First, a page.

Saturday, August 25, 2012

Speaking Easy: Evans and Peel vs Dach and Sons

Evans and Peel

In the ever evolving London bar scene, it seems merely calling yourself just a bar isn't enough. You seem to need a theme, apply some rules that are not to be broken or brew your own booze to stand out from the crowd. Once you're done, call yourself a speakeasy, adding an air of mystery, something that makes you feel that you're part of a special gang. Maybe a password, or a hidden door, or better still, keep yourself hidden out the back of some perfunctory diner.

Evans and Peel

Something like this seems to be opening every month here in London, and although the concept may seem quite contrived, it doesn't necessarily mean that the end product will disappoint. I was invited to try out Evans and Peel a while back and whilst it worked under some weird pseudo-charade, the cocktails were good which is essentially what every bar boils down to. Having said all that, I kind of liked the concept too. Masquerading as a "detective" agency a short stroll from Earls Court station, you buzz for entry at a door in an otherwise nondescript road and descend the stairs into what seems to be a small office to meet the detective. I was genuinely confused as to how we would get into the bar from the office, but one secret panel later and we were in.

Evans and Peel

The bar itself is lovely and have all the fittings and fixtures befitting what I would consider a "speakeasy". The bonus for me, a devout hater of standing and drinking/eating, is that there is a no standing policy, with plenty of space for seating, many of which were filled on my visit, providing a good drinking atmosphere. Personally, I found some of the food lacking, but it was early days and the team behind E and P were still developing the menu. With a lot of focus on smoking things (including cheesecake which was surprisingly delicious), I would highly recommend their macaroni cheese and squash salad to soak up the booze. I can't remember the specific drinks I had, but there were no duds. All well crafted whilst being interesting at the same time. (no pics of the food, it was REALLY dark)

The problem with competition is that you really need to be good to differentiate yourself and encourage repeat visits, especially if you aren't based right amongst the nightlife. I enjoyed Evans and Peel, finding it charming without overdoing "the theme" and will definitely be back. Sadly, I'm not sure the same can be said of my visit to Dach and Sons.

Dach and Sons / Purl

Located in the heart of Hampstead, it's the second venture from Purl, the popular bar based more centrally in Marylebone. Renowned for their molecular approach to cocktail making, I was excited to visit, especially with the promise of yet more American diner based food.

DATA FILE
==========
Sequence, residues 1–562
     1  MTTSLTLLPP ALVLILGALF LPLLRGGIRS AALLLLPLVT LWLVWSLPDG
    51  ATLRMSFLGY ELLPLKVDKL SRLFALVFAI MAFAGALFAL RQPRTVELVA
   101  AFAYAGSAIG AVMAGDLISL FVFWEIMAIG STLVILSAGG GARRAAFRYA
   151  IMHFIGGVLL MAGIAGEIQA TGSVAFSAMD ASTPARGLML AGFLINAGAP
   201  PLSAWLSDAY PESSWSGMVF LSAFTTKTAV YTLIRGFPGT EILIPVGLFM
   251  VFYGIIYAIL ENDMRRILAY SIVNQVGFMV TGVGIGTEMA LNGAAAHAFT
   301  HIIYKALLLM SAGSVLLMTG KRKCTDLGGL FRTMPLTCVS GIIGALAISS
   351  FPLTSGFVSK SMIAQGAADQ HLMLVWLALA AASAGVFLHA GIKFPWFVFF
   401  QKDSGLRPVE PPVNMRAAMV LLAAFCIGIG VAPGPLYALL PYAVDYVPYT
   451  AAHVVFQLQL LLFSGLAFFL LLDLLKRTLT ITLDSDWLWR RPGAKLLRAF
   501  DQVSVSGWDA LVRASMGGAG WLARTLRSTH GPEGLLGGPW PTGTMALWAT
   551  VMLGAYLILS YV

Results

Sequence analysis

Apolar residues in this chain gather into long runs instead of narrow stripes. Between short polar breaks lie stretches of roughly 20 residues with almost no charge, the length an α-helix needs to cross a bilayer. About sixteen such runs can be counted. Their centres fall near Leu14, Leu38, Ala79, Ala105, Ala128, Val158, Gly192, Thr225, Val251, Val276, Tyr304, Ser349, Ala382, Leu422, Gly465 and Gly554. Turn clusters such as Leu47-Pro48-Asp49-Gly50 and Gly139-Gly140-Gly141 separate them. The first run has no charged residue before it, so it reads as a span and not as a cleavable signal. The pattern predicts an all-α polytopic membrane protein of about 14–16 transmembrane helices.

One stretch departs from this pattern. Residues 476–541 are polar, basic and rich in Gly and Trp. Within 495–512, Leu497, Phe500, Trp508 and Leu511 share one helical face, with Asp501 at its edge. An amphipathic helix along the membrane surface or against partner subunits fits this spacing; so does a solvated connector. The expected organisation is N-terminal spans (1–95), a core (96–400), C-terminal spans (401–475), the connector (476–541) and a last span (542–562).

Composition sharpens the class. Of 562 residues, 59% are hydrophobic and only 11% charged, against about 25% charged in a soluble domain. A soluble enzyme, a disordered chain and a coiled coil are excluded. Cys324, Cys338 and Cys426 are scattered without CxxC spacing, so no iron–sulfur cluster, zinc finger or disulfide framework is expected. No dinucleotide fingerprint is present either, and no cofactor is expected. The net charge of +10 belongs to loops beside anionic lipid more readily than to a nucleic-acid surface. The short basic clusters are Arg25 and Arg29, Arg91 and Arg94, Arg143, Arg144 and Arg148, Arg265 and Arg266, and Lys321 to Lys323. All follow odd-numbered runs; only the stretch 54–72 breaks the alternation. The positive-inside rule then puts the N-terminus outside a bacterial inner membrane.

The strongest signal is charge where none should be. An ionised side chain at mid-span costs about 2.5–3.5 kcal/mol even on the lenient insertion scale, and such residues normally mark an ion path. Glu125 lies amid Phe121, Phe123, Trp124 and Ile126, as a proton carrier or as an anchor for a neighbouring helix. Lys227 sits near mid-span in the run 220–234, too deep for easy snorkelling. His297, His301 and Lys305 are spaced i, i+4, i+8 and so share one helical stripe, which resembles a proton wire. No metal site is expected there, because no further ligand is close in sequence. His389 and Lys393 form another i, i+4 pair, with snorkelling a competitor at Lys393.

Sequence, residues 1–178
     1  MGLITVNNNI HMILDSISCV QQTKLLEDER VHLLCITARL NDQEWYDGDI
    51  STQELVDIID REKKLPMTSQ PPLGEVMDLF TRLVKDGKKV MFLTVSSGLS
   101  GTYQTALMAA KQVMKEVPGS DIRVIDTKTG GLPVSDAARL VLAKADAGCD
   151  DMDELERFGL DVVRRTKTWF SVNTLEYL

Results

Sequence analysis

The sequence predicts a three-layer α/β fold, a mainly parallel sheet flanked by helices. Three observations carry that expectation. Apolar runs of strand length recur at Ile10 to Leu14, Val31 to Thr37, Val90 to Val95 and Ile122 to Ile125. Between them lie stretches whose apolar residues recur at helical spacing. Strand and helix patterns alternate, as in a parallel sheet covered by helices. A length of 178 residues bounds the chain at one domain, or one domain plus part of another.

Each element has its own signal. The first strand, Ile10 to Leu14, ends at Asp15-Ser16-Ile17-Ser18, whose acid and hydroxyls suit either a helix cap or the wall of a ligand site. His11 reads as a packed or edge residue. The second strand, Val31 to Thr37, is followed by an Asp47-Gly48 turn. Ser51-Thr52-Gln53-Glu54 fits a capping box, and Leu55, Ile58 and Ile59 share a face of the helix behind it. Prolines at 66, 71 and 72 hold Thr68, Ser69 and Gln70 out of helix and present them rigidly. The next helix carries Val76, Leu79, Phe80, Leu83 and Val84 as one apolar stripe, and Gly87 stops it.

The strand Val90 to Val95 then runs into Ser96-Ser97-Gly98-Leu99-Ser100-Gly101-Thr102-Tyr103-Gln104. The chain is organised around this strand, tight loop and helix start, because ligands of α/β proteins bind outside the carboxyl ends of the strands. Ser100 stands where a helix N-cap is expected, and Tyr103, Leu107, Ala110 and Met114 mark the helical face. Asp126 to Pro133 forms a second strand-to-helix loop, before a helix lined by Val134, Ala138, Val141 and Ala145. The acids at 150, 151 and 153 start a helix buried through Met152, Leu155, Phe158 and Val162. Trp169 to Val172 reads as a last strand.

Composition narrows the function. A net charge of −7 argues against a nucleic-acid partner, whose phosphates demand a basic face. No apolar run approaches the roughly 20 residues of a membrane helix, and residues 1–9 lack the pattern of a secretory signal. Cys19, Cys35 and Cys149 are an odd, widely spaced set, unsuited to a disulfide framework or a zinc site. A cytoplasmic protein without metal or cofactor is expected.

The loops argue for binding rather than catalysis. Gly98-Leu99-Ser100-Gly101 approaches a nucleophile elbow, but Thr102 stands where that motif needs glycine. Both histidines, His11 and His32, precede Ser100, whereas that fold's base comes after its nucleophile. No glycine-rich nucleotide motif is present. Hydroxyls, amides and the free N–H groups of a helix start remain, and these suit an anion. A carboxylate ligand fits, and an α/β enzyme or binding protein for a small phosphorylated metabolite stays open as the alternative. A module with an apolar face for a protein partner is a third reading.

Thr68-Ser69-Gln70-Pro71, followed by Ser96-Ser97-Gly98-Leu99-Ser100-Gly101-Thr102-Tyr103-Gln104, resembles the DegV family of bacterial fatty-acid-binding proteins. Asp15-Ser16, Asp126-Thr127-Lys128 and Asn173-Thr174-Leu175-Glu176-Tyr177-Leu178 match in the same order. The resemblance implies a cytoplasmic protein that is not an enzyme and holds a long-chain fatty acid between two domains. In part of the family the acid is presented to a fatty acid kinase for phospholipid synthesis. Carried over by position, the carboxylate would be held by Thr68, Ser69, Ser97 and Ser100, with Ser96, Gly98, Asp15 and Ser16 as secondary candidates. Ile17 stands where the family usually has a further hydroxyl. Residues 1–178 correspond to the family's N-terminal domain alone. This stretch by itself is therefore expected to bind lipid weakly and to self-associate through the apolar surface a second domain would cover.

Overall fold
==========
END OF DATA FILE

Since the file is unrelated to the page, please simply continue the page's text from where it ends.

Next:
Dach and Sons / Purl

One thing to note is that Dach and Sons is more about the food than the drink, bringing aspects of their molecular approach to drinks into their food. The main room is large and contains a decent number of seats that you can plonk yourself down on and order. I found it pretty odd for an establishment with a well regarded bar upstairs, that there was only one cocktail and a limited drinks list. Nonetheless, the Julep that was on offer was decent enough.

Dach and Sons / Purl

The food sadly was greatly lacking. The hot dog had no snap, was underseasoned and had an extremely unpleasant texture, with a soft and porridge like consistency all the way through. The strange compressed chilli tomato topping led to the whole dog tasting more sweet than savoury. And the bun, too stiff and chewy.

Dach and Sons / Purl

The trio of sliders, all professing to contain a variety of different ingredients like bacon jam, smoked flexi-cheddar and a salt beef chilli, actually kind of tasted the same. We had to peer under their lids to figure out which was which, and often found us asking the other "Which one is this one meant to be?". Under-seasoned, lacking in real flavour from it's ingredients, these were sadly not greatly enjoyable.

Dach and Sons / Purl

It's a shame that all the main meat offerings from the menu were so poor. The sides we ordered were mostly decent with good fried pickles and an excellent dill flecked coleslaw. Once we had finished our food, we popped upstairs to the bar which as you would expect from Purl, smart, dimly lit and packed with a variety of cocktail gadgets. I can't help feeling that a lot of the add-ons are just for gimmicks sake, but you can't deny the showmanship of the bubbling Mr Hydes No 2, or my Counted but not out, accompanied by my very own little juniper oil burner. The cocktails are all expertly crafted and highly enjoyable, gimmick or no. The cocktails are definitely worth returning for, but I think the issue lies in that their main differentiator (the food) was so disappointing. I think I may just stick to the drinks in their Marylebone location. A bit closer to home and plenty of better places to eat nearby.

*I was invited to try out Evans and Peel, everything at Dach and Sons was paid for out of my own pocket*

Evans and Peel - 310c Earls Court Road, London SW5 9BA

Evans and Peel on Urbanspoon

Dach and Sons - 68 Heath St, London NW3 1DN

Dach and Sons on Urbanspoon


Hollow Legs said...

Shame about Dach & Sons, but the current trend of American diner food means that there is stiff competition out there. (that hot dog looks horrid.) And, you know, HAMPSTEAD... long.


When I'll ever visit London, I'm going to finish uo your map haha.

Thanks for the directions ;D

antiquelovernewbie said...

Much agree with this, i had a similar experience with the food last year at Evans & Peel. Pretty average